Tuesday, March 10, 2015

Review: Kinslayer by Jay Kristoff

Kinslayer by Jay Kristoff
Publisher: Tor UK
Release Date: September 12th 2013
My Goodreads rating: 5/5

The mad Shōgun Yoritomo has been assassinated by the Stormdancer Yukiko, and the threat of civil war looms over the Shima Imperium. The Lotus Guild conspires to renew the nation’s broken dynasty and crush the growing rebellion simultaneously – by endorsing a new Shōgun who desires nothing more than to see Yukiko dead.
Yukiko and the mighty thunder tiger Buruu have been cast in the role of heroes by the Kagé rebellion. But Yukiko herself is blinded by rage over her father’s death, and her ability to hear the thoughts of beasts is swelling beyond her power to control. Along with Buruu, Yukiko’s anchor is Kin, the rebel Guildsman who helped her escape from Yoritomo’s clutches. But Kin has his own secrets, and is haunted by visions of a future he’d rather die than see realized.
Kagé assassins lurk within the Shōgun’s palace, plotting to end the new dynasty before it begins. A waif from Kigen’s gutters begins a friendship that could undo the entire empire. A new enemy gathers its strength, readying to push the fracturing Shima imperium into a war it cannot hope to survive. And across raging oceans, amongst islands of black glass, Yukiko and Buruu will face foes no katana or talon can defeat.
The ghosts of a blood-stained past.

With my first review, I debuted the list. With this review I am debuting the 'I'm not very well so please forgive me' review. Let's see how it goes. 

Kinslayer is the second book in a trilogy, so if you haven't read Stormdancer yet - GO DO IT NOW.

Done? Ok.

I can't really start anywhere else than with Yukiko, our heroine. She remains a superstar, but my absolute favourite part of Yukiko's arc in this book was how it really wasn't at all central to the plot. That might sound strange, and of course her stuff was still important, but Kristoff allowed so many other characters to take central stage in this one. This allowed Yukiko to meet some new characters and to introduce new aspects of the world and the story, whilst keeping the plot moving along.

And the majority of those other characters? WERE AWESOME LADIES. 

Yukiko is a brilliant female lead. She's tough, but she's still a girl. She's not all that girly herself, but she has no issue with others being so. She falls in love and she has sex, which is always good - right? I loved her in Stormdancer, and I loved her here. Yet there weren't really any other girls in Stormdancer. I mean...they existed, but they either came into the book quite late, or they were mostly just background characters. And then it seemed as though half of them died and we'd still just have Yukiko. That is not the case in Kinslayer AT ALL. There is a great variety of girls this time around and I loved it. We have Kaori, the warrior. Yukiko, the hero. Aisha, the noble. Ayane, the Guildswoman. Hana, the SPOILERS. And Michi, the assassin. We even meet a female Arashitora!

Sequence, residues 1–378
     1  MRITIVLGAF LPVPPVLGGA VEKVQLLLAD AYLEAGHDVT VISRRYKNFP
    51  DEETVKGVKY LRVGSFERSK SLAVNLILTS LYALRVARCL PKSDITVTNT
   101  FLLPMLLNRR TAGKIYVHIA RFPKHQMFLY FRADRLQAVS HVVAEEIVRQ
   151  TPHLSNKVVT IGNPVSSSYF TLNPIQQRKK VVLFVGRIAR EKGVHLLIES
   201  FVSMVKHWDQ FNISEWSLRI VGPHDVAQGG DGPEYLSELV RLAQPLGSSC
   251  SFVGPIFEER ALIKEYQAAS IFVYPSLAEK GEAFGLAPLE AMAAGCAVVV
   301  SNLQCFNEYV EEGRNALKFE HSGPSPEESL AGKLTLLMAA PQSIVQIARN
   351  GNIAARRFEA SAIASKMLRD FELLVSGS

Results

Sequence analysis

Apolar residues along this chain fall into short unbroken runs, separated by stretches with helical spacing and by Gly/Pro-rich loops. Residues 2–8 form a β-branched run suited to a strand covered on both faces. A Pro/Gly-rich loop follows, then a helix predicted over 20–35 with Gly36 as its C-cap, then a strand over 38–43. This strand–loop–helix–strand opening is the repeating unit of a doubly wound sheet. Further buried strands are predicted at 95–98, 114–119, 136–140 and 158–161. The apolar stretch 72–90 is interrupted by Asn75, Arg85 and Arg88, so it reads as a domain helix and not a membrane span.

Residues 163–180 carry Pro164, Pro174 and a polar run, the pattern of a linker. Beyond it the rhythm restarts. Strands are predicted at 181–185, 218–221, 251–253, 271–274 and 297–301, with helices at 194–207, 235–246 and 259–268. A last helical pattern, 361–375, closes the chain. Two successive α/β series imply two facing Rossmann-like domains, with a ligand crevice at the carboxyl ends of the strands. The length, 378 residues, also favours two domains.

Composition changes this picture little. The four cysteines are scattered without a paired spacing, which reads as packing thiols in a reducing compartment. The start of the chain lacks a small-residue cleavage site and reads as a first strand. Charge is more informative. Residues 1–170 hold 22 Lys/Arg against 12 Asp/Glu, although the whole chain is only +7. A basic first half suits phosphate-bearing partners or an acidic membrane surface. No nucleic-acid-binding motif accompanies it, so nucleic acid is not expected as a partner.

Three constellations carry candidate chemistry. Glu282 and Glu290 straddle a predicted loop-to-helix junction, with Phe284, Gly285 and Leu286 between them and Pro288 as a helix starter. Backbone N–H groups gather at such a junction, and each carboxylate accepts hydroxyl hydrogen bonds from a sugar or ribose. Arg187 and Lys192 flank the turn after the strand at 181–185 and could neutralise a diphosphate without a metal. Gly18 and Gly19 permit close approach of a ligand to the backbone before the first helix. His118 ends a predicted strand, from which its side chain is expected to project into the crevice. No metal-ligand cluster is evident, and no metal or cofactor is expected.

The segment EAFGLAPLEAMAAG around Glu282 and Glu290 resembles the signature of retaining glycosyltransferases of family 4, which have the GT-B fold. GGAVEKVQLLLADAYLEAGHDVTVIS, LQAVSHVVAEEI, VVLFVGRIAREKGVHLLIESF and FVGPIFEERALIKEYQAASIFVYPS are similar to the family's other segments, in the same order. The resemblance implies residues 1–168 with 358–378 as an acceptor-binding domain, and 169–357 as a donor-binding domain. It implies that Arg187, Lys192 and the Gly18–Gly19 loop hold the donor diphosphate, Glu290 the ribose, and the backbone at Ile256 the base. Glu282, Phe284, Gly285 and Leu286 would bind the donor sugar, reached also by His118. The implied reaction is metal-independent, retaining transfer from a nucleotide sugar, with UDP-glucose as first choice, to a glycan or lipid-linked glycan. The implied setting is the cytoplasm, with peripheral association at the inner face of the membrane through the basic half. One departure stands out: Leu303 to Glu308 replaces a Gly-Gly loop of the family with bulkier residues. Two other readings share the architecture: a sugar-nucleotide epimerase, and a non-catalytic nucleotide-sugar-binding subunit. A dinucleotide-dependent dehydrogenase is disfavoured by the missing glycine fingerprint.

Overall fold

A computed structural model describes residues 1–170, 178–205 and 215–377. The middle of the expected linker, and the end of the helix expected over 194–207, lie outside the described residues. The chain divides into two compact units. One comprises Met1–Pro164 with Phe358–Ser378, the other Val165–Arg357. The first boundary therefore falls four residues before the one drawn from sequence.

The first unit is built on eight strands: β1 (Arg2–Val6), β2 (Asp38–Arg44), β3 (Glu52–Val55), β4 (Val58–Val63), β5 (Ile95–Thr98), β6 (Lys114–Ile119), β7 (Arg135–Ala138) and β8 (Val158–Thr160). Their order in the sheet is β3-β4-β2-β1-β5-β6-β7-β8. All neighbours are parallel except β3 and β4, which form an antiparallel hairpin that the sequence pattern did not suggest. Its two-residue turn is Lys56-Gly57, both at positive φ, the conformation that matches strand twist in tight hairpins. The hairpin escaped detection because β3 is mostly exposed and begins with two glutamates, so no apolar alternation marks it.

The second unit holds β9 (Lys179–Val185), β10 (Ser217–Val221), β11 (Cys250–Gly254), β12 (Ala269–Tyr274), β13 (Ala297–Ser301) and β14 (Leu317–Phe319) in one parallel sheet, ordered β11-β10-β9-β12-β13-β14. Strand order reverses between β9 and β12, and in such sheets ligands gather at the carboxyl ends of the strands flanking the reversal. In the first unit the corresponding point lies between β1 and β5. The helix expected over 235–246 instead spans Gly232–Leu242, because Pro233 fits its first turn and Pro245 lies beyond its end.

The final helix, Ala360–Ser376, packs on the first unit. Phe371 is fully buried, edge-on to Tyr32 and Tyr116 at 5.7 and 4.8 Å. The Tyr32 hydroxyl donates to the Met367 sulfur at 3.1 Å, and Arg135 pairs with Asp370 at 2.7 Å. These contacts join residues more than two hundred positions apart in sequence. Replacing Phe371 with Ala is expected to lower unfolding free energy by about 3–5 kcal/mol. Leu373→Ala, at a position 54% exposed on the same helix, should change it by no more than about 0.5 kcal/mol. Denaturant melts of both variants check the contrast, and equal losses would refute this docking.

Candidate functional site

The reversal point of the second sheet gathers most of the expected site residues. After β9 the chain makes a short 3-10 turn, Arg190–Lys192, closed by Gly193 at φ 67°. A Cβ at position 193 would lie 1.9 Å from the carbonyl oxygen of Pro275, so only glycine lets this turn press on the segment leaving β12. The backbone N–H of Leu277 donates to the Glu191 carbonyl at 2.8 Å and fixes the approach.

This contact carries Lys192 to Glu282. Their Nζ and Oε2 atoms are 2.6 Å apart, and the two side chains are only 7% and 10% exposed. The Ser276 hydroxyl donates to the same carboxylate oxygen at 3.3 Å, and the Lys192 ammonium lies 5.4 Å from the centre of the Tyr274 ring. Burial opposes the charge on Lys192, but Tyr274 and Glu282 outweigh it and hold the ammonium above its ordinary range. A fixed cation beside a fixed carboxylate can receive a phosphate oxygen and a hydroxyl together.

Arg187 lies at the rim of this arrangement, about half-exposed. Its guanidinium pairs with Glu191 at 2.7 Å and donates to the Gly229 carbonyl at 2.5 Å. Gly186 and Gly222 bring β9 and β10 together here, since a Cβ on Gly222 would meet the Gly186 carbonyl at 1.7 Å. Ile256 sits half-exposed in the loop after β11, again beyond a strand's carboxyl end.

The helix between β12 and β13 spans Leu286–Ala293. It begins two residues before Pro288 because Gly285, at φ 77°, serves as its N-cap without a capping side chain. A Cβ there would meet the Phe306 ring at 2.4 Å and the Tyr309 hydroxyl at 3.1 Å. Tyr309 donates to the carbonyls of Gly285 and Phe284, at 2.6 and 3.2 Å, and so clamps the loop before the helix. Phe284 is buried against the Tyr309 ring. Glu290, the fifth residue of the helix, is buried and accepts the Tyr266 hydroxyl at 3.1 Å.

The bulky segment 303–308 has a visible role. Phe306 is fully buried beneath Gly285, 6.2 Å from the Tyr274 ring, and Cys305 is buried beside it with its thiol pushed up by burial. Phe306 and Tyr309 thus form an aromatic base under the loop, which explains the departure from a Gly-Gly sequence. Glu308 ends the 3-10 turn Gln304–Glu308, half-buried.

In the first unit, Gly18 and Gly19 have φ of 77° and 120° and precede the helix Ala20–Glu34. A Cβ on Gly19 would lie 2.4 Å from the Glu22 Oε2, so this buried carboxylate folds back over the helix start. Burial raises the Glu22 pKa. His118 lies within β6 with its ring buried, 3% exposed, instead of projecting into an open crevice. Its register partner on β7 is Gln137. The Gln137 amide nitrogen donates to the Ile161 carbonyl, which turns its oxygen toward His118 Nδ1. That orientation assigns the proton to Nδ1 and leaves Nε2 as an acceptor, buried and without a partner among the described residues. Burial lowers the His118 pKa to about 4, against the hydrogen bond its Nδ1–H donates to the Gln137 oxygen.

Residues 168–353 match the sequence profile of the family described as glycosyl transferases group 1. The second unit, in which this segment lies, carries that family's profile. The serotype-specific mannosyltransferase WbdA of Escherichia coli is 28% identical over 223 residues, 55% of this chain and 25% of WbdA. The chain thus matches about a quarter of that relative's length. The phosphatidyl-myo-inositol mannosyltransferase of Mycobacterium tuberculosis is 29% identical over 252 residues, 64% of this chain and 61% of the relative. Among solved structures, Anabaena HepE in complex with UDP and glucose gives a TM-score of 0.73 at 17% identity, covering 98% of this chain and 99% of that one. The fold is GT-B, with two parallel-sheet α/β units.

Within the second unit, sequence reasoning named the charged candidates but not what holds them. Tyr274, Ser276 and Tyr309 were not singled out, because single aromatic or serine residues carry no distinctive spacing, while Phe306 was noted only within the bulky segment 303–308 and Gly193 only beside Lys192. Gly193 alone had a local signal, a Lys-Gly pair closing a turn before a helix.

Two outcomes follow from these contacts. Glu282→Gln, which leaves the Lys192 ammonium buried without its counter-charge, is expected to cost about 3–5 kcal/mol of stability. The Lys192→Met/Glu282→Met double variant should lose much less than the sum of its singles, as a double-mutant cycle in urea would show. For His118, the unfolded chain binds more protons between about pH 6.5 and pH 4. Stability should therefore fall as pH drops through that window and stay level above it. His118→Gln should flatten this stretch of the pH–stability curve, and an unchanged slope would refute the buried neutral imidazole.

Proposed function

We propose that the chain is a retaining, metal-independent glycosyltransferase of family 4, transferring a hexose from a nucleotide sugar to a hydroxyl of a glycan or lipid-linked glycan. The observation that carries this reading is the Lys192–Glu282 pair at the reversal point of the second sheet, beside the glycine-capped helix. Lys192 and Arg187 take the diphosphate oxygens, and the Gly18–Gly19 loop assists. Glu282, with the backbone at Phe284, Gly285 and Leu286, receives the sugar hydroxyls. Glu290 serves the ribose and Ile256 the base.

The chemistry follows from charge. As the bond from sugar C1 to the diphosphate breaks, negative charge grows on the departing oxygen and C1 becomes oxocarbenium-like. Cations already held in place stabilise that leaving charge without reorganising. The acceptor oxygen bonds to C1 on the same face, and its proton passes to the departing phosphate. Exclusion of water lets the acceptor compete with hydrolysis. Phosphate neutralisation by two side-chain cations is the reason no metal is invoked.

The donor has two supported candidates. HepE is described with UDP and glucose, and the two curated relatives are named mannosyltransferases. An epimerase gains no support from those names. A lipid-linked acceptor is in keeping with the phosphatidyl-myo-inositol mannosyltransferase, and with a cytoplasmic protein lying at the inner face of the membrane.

LET ME TELL YOU ABOUT HANA AND MICHI. Well, actually I won't because they are too awesome to spoil. But wow, did I love them. My brain is foggy and my eyes are blurry and I worry that I'm not getting my point across. LOTS OF GIRLS. MUCH VARIETY. HUGE FANTASTICNESS.

The plot of Kinslayer is quite slow until the final third where it continuously punches you in the face (seriously). The POV jumps around quite a lot too, but I never minded! Because there were awesome characters all over the place. There were great male characters too, but really the girls steal the show.

We also get our first snippet of LGBTQ representation in this book (I don't think there was any in Stormdancer?) with a gay couple. I appreciated how Kristoff didn't introduce them with any great fanfare. They are just together, they're adorable, and that's that. Yoshi was definitely the more interesting of the two and then...well, SPOILERS, but it was always lovely seeing them interact. We also get a brief insight into how the society here looks upon gay relationships. The impression I got was that if you're nobility or upper class it's a no, otherwise nobody really minds much? I'd definitely like to get a further insight into this!

I will just quickly talk about the setting of this series. It's a steampunk fantasy world based heavily upon feudal Japan. Now, before I ever started the series I had seen a few reviews stating how this series is cultural appropriation. I'm simply not qualified to make a judgement on that. I know a few things about feudal Japan, but only in a basic sense. Therefore it MIGHT offend you and maybe check out a few other reviews first? I can't personally see any reason for it though. 

The Gaijin, often mentioned in Stormdancer, are presented as the equivalent of the Western world, and they actually come into play in this book! I'm really looking forward to seeing that aspect of the series develop. I suspect that the final book in the series shall tackle prejudice in a move overt sense than the first two. 

Overall, Kinslayer is a fantasy novel very much focused on overturning a corrupt Empire.It does not necessarily tackle issues we are familiar with overtly, but they are in there. I can see no reason why somebody looking for fair representation with regards to gender would not enjoy this series. And I think other issues of representation will be sneaking into play in the final book. I cannot wait to read it!

No comments:

Post a Comment

Leave a comment below and let us know what you think!